Temporary moves to give over more road space to public transport, bikes and pedestrians may give way to more permanent measures
Over a year and a half ago, Exeter was making all sorts of promises:
Back in May, further plans were being mooted – in the middle of the pandemic:
Which is all a bit late, as “The council’s signed up to plans to be a carbon-neutral city by 2030; an ambition that’s slipped back five years”:
What’s emerging in other places is a much more ambitious plan
– for the ’15 minute city’, where everything will be within a quarter of an hour’s walk:
Tonight’s Costing the Earth on Radio 4 took us to Bristol and Paris:
Autopia to Utopia? Car-Free Cities
Lockdown saw many more people jumping on bikes and walking – as much as a way to get out of the house as get around – but pollution levels dropped and nature could be heard without the background roar of traffic. Jheni Osman asks if this the way it could or should be? Has this given us a new way of thinking about how we get around and can city leaders bank on this to change the infrastructure to be ‘car free’? After 100 years of city design being built around the private car, this is a rare opportunity to bank on the behaviour change to reduce pollution, improve air quality and get more of us active.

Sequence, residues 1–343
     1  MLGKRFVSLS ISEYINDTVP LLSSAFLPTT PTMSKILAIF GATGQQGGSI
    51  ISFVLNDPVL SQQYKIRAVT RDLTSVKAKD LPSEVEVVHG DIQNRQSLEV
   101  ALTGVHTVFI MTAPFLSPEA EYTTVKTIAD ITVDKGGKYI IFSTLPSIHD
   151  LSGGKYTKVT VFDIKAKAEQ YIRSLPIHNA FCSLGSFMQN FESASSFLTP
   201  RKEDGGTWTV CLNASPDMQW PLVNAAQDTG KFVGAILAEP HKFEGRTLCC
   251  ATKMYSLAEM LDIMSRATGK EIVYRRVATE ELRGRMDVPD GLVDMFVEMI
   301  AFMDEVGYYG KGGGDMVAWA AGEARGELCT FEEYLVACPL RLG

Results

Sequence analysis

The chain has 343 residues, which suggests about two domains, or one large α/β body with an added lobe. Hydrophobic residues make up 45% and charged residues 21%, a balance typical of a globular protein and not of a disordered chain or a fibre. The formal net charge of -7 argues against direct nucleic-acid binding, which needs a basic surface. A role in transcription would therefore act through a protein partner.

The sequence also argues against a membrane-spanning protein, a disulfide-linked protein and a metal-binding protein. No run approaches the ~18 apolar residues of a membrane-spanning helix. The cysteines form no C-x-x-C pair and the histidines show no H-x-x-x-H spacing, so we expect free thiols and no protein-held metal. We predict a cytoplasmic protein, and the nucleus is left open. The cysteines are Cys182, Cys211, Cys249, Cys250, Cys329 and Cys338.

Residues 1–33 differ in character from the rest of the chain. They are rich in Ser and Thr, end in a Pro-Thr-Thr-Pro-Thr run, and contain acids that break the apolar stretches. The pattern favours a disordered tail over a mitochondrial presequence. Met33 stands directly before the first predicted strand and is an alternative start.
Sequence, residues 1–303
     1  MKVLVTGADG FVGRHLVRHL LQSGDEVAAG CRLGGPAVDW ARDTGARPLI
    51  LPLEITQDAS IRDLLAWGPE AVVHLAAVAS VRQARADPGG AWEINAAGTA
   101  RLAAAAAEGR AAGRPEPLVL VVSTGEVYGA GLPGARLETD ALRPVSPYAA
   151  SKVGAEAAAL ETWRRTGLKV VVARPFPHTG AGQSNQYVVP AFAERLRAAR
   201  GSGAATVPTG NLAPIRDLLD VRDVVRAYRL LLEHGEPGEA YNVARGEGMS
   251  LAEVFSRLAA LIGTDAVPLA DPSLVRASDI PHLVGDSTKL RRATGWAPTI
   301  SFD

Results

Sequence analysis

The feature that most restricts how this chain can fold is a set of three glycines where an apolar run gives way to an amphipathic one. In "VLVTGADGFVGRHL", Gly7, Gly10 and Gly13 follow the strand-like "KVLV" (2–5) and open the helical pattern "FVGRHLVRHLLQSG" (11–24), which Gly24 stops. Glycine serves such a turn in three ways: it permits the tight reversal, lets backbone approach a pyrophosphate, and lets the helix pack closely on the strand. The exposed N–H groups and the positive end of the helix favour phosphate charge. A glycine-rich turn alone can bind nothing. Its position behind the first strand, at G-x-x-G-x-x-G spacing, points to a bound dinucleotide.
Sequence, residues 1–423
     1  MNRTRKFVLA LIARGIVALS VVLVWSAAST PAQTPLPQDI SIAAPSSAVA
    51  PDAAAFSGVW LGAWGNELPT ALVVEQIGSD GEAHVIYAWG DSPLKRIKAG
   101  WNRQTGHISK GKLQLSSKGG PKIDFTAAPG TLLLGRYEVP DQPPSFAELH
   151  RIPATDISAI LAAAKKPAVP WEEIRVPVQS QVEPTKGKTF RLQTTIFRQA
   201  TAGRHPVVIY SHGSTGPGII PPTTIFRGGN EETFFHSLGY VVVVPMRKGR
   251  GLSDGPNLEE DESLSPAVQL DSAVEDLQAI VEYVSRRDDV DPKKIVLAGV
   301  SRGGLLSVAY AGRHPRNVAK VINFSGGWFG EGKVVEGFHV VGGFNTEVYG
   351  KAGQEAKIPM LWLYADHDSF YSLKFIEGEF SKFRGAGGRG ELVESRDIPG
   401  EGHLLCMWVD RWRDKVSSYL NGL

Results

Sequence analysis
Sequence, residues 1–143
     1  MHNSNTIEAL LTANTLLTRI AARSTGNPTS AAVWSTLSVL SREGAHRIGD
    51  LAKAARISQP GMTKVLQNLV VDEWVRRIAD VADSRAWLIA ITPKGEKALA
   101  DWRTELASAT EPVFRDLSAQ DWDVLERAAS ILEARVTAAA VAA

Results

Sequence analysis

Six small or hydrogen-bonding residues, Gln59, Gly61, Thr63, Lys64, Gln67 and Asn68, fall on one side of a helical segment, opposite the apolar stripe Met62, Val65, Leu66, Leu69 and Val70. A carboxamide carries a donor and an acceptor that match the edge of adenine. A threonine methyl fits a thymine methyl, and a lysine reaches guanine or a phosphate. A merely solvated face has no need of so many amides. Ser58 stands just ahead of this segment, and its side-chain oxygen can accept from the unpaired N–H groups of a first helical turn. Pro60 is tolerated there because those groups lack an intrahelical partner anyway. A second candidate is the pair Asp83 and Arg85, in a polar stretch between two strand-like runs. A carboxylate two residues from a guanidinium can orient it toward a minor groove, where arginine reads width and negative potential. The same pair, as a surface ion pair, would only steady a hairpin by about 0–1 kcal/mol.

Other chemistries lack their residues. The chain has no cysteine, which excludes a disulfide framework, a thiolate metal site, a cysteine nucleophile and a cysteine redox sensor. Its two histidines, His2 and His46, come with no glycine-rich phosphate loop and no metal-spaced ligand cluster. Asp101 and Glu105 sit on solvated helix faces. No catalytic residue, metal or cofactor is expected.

Temporary moves to give over more road space to public transport, bikes and pedestrians may give way to more permanent measures and has accelerated plans for ‘Car Free Cities’. Jheni explores models that have been applied elsewhere, looks at changes coming in across Milan, Bristol and Birmingham and asks what’s needed to make them work? Will we be zooming about on e-scooters and goods transported underground instead? Plans aren’t without cost or controversy but is this a rare moment to make a radical change the new normal?
The question is, however, to what extent this model can be extended to smaller towns and rural areas…
Are we condemned to use the car in less densely-populated areas?
And are the current ‘temporary’ measures working?